PHOENIX -- Like many of his teammates battling for traction as they attempt to get a secure grip on a roster spot, second-year running back De'Angelo Henderson has something simple he wants to prove Thursday night when the Broncos conclude their preseason against the Arizona Cardinals.
"That I can play football," he said. "I've got a lot of doubters. A lot of people that don't believe in me. But I believe in myself, and I know that I can play."
It's simple, but it is also the overwhelming storyline for Thursday's game. Rosters will be trimmed from 90 players to 53 fewer than 40 hours after the clock shows three zeroes at University of Phoenix Stadium. The cliches about auditioning for the entire league, not just your current team, are accurate.
The Broncos will play as a team, but for individuals, it is about seizing a job opportunity.
What other storylines are worth watching Thursday night?
Which non-starters will see action?
Joseph noted Monday that "22 guys" are not playing, referring to the starters on offense and defense. Beyond that, the decisions will come later.
Last year, Joseph sat 38 of the 90 players on the roster for the preseason finale at Arizona. That included 22 starters and 10 more healthy scratches who weren't technically starters, but played key reserve roles.
"We've got 12 guys like that," Joseph said, rattling off a list headlined by wide receivers Courtland Sutton and DaeSean Hamilton, running back Royce Freeman and defensive linemen Zach Kerr and Shelby Harris.
"Every team is dealing with this. It's a toss-up how much those guys play. You want them to play some, but you don't want to expose them to too many reps to get them nicked."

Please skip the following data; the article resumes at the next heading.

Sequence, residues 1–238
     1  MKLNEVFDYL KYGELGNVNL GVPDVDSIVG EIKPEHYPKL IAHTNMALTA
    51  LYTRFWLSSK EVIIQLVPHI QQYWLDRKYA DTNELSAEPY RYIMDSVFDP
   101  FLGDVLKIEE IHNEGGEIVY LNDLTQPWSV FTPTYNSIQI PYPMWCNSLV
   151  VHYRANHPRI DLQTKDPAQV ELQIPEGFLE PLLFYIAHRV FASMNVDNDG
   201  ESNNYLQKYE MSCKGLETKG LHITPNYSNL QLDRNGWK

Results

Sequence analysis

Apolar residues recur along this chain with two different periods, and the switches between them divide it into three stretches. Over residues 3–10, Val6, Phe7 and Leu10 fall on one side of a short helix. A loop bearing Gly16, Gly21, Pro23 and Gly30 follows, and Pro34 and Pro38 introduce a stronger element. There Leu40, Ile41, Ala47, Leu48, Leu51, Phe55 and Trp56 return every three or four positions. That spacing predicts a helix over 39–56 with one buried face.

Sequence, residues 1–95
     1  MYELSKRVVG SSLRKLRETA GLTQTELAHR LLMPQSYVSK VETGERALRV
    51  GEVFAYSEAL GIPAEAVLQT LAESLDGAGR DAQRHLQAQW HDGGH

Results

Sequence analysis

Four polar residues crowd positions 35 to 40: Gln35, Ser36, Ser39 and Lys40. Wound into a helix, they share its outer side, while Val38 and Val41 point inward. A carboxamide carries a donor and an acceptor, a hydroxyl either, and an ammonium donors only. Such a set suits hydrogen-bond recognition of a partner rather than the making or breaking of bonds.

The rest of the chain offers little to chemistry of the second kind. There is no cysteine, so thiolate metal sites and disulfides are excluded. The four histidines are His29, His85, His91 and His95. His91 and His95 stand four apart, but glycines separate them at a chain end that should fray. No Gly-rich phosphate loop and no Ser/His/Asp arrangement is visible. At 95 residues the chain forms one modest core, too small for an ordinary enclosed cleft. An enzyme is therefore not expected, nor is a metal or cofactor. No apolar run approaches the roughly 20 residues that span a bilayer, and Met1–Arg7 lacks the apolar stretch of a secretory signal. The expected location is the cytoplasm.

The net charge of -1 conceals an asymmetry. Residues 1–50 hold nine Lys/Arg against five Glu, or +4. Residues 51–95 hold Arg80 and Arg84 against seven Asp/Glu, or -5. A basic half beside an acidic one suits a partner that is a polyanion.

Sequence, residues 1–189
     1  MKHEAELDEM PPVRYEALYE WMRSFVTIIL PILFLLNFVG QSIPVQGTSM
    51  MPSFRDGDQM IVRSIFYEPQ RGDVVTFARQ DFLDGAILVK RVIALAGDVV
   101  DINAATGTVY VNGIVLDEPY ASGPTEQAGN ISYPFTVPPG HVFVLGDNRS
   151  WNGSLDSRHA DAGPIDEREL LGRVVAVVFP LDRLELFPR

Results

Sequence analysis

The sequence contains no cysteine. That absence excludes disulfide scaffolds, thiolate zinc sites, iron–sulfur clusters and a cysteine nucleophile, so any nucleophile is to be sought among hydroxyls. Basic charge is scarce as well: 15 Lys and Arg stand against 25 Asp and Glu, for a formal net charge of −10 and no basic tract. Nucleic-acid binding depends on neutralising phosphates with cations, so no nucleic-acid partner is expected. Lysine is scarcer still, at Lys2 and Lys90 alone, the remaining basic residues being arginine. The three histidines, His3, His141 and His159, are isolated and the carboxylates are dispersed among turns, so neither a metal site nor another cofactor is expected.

How will the work be divided at running back?
If Freeman and first-teamer Devontae Booker are both held out of the game, then that would leave the work to Phillip Lindsay, Henderson and Dave Williams. Lindsay could fall into the category of key situational backup, which might leave the workload in the hands of Henderson or Williams.
Henderson has averaged 5.2 yards per touch this preseason; Williams has averaged 5.0. Henderson has the better per-carry average (3.6 to 2.6), but Williams is averaging more yards per reception (13.5 to 8.8).
Both have shown flashes of brilliance in training camp, although it has been tough to find footing in a crowded room, which has forced each of them to find inner motivation.
"[I'm] just staying focused, staying positive," Henderson said. "Shutting out the naysayers, shutting out the criticism and just playing football."
How will Chad Kelly do in his first pro start?
In game-condition work -- the summer scrimmage and three preseason games -- Chad Kelly has delivered, consistently guiding the offense on productive drives from his two touchdown passes in the Aug. 5 scrimmage to three field goals in three series last Friday at Washington.
Kelly has handled his evolving duties well throughout training camp and the preseason. When he moved up to the No. 2 offense, he adjusted within two days and found his form, dicing up Chicago's second-team defense just as he did Minnesota's third team.